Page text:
Today marks the 21st anniversary of Michael Schumacher’s first win in Formula One, marking the beginning of a glittering career that would see him become – statistically speaking – the greatest driver in the history of the sport.
Schumacher made his debut for Jordan at the 1991 Belgian Grand Prix, starting seventh on the grid before retiring early on. However, the German driver made such an impact that he was immediately snapped up by Benetton, going on to score four points in his opening six races for the team. His form improved during his first full season with the team, coming to fruition at Spa-Francorchamps – the location of his debut, his first win and his 300th grand prix in 2012 – on this day in 1992.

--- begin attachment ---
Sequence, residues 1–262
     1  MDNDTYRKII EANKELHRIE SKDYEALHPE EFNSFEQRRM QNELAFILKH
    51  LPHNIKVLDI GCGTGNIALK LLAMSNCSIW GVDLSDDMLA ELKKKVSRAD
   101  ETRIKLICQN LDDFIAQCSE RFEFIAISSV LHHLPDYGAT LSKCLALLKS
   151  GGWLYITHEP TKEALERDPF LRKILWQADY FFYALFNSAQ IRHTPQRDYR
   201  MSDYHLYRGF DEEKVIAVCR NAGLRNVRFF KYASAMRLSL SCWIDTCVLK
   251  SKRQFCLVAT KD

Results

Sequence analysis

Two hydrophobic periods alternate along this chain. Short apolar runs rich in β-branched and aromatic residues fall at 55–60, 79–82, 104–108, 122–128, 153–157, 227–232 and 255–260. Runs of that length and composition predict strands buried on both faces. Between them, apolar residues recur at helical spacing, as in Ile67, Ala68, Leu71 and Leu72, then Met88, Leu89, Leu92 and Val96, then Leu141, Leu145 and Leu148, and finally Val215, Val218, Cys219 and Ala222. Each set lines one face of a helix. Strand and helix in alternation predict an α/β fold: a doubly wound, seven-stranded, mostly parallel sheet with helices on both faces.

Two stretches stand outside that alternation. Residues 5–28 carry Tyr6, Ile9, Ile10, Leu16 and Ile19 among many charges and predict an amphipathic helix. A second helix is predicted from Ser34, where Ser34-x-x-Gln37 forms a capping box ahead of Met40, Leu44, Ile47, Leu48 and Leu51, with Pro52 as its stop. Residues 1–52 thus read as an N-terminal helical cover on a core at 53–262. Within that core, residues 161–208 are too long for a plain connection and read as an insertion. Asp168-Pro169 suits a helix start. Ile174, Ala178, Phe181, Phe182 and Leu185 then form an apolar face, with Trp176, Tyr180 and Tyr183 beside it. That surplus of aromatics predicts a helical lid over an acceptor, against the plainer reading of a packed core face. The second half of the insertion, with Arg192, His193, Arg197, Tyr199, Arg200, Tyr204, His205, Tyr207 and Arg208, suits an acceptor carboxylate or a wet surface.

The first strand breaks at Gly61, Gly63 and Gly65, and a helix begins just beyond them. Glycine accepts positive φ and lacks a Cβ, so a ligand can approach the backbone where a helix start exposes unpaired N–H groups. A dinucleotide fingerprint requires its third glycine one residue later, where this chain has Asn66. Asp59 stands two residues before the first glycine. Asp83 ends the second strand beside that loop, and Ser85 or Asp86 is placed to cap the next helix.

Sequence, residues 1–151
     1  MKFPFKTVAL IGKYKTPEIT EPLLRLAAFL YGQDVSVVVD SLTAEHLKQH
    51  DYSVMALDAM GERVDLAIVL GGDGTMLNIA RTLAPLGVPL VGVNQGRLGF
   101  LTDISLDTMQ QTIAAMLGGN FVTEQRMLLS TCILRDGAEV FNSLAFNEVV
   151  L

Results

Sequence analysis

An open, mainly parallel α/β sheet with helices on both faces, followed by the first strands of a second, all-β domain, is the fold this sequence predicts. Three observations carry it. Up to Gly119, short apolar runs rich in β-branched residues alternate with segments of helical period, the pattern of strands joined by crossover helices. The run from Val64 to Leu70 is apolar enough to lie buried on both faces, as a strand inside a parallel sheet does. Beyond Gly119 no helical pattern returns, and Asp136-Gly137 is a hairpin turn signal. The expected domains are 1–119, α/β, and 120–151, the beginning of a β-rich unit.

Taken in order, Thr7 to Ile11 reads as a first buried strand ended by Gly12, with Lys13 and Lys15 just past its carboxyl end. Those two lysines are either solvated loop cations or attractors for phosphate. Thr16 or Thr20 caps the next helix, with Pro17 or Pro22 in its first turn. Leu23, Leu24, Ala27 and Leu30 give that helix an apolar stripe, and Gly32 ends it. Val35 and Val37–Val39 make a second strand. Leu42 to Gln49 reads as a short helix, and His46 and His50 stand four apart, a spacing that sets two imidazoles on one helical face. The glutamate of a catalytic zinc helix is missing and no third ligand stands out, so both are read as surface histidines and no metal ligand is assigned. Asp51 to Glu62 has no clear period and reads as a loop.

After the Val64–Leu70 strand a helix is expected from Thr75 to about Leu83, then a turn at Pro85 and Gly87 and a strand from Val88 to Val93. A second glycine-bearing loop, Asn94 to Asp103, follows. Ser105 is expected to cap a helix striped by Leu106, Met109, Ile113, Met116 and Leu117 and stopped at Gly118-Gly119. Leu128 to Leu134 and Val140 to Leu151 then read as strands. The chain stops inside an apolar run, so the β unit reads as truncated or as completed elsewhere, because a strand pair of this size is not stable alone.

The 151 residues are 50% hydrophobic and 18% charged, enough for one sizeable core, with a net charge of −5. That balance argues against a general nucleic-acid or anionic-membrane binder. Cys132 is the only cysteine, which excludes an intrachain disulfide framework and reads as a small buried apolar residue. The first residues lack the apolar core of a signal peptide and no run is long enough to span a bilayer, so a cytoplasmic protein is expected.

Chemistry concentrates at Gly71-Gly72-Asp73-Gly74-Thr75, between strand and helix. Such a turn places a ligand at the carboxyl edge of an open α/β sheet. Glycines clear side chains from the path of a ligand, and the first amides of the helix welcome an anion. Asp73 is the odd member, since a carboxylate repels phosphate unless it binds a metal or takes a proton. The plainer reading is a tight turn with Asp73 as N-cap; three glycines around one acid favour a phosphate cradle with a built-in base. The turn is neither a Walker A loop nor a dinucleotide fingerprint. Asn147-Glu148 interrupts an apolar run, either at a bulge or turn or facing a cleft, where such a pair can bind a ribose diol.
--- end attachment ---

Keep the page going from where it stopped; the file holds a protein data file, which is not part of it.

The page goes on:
In the Camel-liveried Benetton, Schumacher had qualified an excellent third on the grid behind Nigel Mansell and Ayrton Senna. However, he initially failed to put up a challenge to the dominant Williams of Mansell, who had secured the drivers’ championship at the previous race. Come lap thirty, Schumacher was fourth and did not look capable on winning the race as rain came and went frequently. Eventually, he made the decision to pit for slick tires whilst the rest of the field was on wets as the leaders bided their time. This turned out to be a fatal decision for previous-leader Mansell, who came out behind Schumacher when he eventually made the switch. The Williams then suffered from an exhaust failure that caused Mansell a loss of power, allowing Schumacher to pull away and claim his first win in Formula One.
It was indeed the first of many. Schumacher went on to win 91 grands prix and seven world championships before eventually retiring from motor racing at the end of last season, having spent a somewhat unsuccessful spell with Mercedes between 2010 and 2012 that yielded just one podium.